by Fred Tasker @ The Buffalo News
on September 3, 2014
In a restaurant in Buenos Aires, I ordered a “half” parrillada, so they plunked down only about five pounds of beef on the hibachi grill on my table. There were a half-dozen cuts of Argentina’s rich and chewy grass-fed beef – steaks, chops, blood sausages, kabobs … and a curious off-white rectangle cut about the size and shape of a box of matches.
“What’s this?” I asked.
“Señor, it is the udder.”
The waiter beamed. My wife paled. My 8-year-old daughter made her lunch the french fries. I cut a little piece and chewed. It was tough and flavorless – utterly unlike the tender, juicy rest of the feast. Another life adventure chalked up.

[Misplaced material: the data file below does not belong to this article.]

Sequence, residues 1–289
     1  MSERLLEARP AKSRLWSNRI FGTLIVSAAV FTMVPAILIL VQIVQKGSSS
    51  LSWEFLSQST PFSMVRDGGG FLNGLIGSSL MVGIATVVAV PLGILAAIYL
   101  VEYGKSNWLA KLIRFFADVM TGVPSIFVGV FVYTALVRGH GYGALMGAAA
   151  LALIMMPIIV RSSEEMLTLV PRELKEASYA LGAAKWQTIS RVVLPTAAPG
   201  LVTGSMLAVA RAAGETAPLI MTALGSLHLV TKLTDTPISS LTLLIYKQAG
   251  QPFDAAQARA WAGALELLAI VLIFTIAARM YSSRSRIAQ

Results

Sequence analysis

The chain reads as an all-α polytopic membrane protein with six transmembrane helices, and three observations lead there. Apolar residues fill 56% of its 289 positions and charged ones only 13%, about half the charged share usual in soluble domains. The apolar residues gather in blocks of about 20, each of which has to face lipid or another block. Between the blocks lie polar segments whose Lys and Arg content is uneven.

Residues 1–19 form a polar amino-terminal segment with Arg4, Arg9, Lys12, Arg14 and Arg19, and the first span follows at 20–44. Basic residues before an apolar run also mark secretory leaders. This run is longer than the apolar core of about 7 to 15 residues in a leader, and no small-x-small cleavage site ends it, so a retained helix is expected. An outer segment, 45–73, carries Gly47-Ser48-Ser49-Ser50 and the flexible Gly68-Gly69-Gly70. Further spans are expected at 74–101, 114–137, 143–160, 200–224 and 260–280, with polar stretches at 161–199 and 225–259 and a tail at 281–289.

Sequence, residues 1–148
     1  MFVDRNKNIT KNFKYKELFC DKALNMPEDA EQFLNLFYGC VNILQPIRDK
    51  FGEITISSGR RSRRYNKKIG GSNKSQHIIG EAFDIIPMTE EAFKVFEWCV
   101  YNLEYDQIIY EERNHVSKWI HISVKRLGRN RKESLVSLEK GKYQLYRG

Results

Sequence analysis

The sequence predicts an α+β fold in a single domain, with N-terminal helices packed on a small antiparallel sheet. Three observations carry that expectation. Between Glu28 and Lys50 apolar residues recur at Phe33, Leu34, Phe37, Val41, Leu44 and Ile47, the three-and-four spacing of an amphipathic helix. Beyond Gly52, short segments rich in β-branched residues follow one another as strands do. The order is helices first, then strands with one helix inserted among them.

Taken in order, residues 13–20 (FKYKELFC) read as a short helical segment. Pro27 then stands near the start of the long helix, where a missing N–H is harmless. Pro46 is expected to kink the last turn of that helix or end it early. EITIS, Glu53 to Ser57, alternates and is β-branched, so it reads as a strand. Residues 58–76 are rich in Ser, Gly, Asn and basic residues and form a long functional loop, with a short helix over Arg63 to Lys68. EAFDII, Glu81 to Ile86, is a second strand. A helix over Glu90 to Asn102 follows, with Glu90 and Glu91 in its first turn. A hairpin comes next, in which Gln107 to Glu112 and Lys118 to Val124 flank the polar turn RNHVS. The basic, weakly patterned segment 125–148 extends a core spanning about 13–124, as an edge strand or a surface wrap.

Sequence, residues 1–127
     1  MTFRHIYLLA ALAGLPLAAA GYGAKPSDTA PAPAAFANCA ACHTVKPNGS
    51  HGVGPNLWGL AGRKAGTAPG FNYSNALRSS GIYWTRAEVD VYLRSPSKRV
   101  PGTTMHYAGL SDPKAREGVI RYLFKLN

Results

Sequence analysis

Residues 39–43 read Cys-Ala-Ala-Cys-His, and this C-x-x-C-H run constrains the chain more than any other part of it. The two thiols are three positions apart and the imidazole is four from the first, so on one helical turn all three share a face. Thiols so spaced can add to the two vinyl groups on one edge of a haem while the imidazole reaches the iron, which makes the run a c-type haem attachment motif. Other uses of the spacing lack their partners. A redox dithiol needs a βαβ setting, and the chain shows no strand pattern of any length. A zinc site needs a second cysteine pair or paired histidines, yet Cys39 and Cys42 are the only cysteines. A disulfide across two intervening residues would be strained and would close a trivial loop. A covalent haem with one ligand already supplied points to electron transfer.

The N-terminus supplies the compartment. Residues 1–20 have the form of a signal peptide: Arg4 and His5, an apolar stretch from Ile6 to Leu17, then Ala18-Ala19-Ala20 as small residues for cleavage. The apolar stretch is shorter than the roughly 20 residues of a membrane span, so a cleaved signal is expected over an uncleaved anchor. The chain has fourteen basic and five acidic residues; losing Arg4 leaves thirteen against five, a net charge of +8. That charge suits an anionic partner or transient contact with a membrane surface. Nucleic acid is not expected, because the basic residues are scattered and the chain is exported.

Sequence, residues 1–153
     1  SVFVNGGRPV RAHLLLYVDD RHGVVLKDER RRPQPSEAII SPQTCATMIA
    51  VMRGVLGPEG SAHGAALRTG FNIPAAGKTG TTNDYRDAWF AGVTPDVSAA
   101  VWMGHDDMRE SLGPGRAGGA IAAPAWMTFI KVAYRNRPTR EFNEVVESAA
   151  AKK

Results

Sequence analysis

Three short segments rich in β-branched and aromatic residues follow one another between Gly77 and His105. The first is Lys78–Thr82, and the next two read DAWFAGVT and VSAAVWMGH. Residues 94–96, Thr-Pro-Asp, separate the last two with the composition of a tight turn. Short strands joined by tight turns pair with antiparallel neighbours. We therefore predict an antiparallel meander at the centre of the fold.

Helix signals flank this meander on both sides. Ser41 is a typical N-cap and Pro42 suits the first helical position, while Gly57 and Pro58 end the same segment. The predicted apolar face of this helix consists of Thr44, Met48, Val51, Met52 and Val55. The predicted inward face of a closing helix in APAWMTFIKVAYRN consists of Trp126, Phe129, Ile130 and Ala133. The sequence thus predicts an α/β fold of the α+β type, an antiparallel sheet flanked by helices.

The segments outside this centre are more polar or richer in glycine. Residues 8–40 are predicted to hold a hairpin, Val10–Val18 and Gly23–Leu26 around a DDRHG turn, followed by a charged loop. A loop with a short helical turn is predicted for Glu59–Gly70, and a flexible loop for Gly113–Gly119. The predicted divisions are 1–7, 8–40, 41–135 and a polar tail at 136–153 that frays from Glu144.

But the wine. Oh, the wine was Malbec, the redolent, blue-velvet wine that has put Argentina on the map. It smelled and tasted of black sweet cherries and dark chocolate, with ample body and ripe tannins that gave it a silky finish.
Sipping Malbec all by itself is popular because it’s like biting into one of those indulgent chocolate-cherry bonbons by Brach’s. U.S. sippers in the influential 18-to-34 range flock to it for the same reason they like the Italian sparkling wine called Prosecco – it’s cool, and it’s cheap.